Apr 9, 2013

[Books] Luka and the Fire of Life

Haroun and the Sea of Stories is one of my favorite books from my college Humanities courses. It was part of my assigned readings and I had enjoyed the book so much that I made sure to have a better copy of it later in life. While I never finished reading The Satanic Verses, I found this forray into young adult writing turned out quite beautifully.

I don't think most of us Haroun readers would have ever expected Rushdie to return to this Magical World with a sequel but, but that's exactly what he ended up doing with Luka and the Fire of Life. But that's exactly what this book is, in essence, although it written in such a way that it's not exactly required to have read the first book in order to enjoy this one. We're just brought to a generally familiar world with some of the familiar characters from the first book.

As is the way of sequels, I didn't quite enjoy this book as much as the first one. This is not to say that it's a bad book on its own - but in comparison with the first, it wasn't quite there. Then again, one also has to recognize that  Haroun has had more time to peculate in my fading memory and thus may only seem better through the tinted vision of hindsight. It's hard to be compared to a book that has already taken a special place in your heart, after all.

Synopsis: Luka and the Fire of Life was written by Saman Rushdie as a sequel to his prior young adult adventure Haroun and the Sea of Stories. The book was released about 20 years after the first title.

This time around the book has Luka, Haroun's younger brother, as the protagonist of our tale. His father, the Shah of Blah Rashid Khalifa falls into a very deep coma sometime after Luka manages to curse a cruel circus master. The curse results in the loss of his circus and freedom for the many animals that he had treated poorly. The only two that remain are a dog named Bear and a bear named Dog, who eventually go to Luka and become his pets. However in a surprise act of revenge, the circus master executes his own brand of revenge that plunges Rashid into a deep sleep that he may never way up from.

He then sees a man outside their home that appears to be his father, but naturally that's not possible given he's still in a deep sleep. He pursues the man and manages to cross over into the realm of Magic, and thus he learns that the doppelganger of his father is an entity known as Nobadaddy who is there to claim Rashid's soul once the mystery disease takes his life. If Luka has any chance of saving his father, the only way seems to be to venture deep into the Magical Word and seek out the mythical Fire of Life that might be able to bring his father back from the jaws of death. But at least he has Dog and Bear with him, now can now speak since they've crossed over into the world of magic.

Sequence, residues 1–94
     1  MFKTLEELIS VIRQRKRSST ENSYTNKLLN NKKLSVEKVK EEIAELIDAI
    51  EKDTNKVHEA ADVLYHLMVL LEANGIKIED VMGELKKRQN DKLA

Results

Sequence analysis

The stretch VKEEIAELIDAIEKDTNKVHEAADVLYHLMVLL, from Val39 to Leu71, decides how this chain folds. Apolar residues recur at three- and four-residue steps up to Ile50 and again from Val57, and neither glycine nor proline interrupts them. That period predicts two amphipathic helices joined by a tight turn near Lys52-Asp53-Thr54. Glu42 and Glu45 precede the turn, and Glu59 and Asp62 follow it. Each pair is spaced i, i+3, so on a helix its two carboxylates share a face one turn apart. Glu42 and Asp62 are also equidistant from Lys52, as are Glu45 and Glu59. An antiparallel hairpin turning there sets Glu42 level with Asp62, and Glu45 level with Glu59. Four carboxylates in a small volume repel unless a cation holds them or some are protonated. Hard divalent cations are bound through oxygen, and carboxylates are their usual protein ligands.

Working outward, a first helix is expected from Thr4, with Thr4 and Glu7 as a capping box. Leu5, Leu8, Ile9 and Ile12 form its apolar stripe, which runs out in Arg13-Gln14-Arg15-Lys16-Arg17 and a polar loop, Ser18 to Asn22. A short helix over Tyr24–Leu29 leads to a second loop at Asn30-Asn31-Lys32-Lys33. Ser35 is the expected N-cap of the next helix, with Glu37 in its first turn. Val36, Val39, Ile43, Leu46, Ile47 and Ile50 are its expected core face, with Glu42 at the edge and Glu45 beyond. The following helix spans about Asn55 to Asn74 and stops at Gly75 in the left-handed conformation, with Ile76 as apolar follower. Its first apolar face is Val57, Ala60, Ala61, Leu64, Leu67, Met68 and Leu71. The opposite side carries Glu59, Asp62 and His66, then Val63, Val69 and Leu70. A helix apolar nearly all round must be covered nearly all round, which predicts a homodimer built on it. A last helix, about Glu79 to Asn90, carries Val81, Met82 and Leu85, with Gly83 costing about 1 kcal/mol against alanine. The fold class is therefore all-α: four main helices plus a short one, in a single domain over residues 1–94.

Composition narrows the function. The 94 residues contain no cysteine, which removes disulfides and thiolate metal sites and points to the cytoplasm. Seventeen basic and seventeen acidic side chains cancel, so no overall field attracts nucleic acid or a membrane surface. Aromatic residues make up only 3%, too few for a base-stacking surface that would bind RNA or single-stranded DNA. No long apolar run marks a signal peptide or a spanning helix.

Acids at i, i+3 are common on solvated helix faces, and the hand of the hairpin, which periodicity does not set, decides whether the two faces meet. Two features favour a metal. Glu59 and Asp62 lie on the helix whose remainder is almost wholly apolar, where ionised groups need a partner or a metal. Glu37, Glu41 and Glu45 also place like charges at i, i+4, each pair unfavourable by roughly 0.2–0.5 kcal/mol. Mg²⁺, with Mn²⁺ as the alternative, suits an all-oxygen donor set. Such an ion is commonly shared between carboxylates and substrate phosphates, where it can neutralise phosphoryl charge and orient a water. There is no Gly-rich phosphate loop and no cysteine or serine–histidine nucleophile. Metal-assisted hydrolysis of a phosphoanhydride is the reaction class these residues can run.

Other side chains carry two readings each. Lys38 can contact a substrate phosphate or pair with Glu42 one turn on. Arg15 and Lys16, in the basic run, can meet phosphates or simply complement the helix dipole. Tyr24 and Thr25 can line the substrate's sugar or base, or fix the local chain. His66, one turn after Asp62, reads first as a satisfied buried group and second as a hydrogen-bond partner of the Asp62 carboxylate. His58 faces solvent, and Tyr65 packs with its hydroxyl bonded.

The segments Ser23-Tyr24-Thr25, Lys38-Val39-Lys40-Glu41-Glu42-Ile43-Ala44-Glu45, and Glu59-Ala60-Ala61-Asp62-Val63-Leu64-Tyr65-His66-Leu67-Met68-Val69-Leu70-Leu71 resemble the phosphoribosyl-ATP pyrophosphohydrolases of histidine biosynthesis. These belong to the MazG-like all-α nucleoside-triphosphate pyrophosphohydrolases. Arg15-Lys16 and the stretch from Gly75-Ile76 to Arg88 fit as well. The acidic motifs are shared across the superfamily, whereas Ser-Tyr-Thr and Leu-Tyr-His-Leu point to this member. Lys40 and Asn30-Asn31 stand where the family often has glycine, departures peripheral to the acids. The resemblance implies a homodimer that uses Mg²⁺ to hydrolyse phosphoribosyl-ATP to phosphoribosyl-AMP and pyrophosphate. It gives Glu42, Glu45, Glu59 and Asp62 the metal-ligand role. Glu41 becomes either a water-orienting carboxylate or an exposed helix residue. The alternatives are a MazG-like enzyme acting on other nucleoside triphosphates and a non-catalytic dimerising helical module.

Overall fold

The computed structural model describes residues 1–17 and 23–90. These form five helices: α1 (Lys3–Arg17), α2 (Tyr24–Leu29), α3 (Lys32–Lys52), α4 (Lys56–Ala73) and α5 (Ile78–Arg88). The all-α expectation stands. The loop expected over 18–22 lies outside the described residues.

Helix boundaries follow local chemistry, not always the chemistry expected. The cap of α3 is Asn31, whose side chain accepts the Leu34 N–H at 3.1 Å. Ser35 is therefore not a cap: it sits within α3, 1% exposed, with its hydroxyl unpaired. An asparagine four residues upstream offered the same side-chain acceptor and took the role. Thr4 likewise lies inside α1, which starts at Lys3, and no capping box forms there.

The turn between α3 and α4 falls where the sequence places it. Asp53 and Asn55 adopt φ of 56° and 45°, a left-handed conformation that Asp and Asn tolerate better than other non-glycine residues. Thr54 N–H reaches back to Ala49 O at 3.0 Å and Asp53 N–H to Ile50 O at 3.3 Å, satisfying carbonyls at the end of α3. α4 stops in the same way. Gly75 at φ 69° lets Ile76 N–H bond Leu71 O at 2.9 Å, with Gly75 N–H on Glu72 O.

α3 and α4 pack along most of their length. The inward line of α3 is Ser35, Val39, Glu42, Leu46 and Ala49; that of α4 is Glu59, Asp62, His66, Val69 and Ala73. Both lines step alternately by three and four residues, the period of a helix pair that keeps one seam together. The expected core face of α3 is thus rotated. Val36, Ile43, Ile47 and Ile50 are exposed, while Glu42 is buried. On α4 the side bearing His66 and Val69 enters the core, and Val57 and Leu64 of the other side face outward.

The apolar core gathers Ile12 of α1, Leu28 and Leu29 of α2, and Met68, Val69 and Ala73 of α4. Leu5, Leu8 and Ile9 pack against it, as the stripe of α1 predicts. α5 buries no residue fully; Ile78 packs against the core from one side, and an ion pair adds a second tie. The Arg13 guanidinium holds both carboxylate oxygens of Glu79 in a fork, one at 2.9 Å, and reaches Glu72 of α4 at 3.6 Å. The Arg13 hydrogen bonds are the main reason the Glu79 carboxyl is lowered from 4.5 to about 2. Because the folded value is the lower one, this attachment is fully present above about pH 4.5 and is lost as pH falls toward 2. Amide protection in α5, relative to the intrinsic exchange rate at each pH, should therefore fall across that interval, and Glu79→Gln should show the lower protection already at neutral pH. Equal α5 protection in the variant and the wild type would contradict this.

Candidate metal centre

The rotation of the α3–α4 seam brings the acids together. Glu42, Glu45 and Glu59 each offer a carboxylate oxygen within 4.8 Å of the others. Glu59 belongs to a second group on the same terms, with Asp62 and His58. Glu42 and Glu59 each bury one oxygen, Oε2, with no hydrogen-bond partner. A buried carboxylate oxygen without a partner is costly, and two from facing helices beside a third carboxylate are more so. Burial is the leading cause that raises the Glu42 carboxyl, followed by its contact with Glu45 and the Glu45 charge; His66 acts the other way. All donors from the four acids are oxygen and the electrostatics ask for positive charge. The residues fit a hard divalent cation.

Now this book was deliberately patterned after video games as seen in the need for Luka to be careful of how many lives he has left as he journeys to the Fire of Life and the presence of "save points" at the end of every "level" as marked by a series of challenges successfully surmounted. Saving is important since it allows him to resume his game at the last save point as is similar in video games. This effort to include a relatively modern twist to the narrative flow was clearly an attempt to help make the story a bit more relatable for its younger audience but at the same time I felt it ended up taking away from some of the wonder of the world. The first book had Haroun going through a magical journey through stories, myths and allegories. This one had...save points.

For some reason the book ended up feeling a lot like the story of The Wizard of Oz or something. There was that distinct questing feeling as Luke gathered more and more allies who all offered to help him achieve his final objective, even though "everyone knew" that to steal the fire of life was nearly impossible. Through in the odd pitfall and challenge and you get your little adventure, thus it remains a very basic story premise.

Of course like Rushdie's other works, there are deeper nuances of meaning hidden behind a lot of the characters, which is always a good thing. The book still offers a lot to older readers who want a glimpse at his thinking and the sort of commentary he wants to make. But at the same time a lot of the tokens, imagery and extensive punning sort of turn one away from deeper analysis since it feels more and more like a romp through Piers Anthony's Xanth or something.

Maybe my love for Haroun's adventure had me setting somewhat unfair expectations for this follow-up title. Perhaps I was so earnest in wanting a story that had the same style of magical adventuring that it severely affected my ability to take this book as it was. But such things are unavoidable in the reading world, I suppose.

Luka and the Fire of Life is a strong enough title on its own and is still an enjoyable read. It didn't strike me as quite as thought-provoking as the first book had but it remains quite worthy of respect. Thus it still gets 3 forgotten gods of old wandering around the magical world out of a possible 5.

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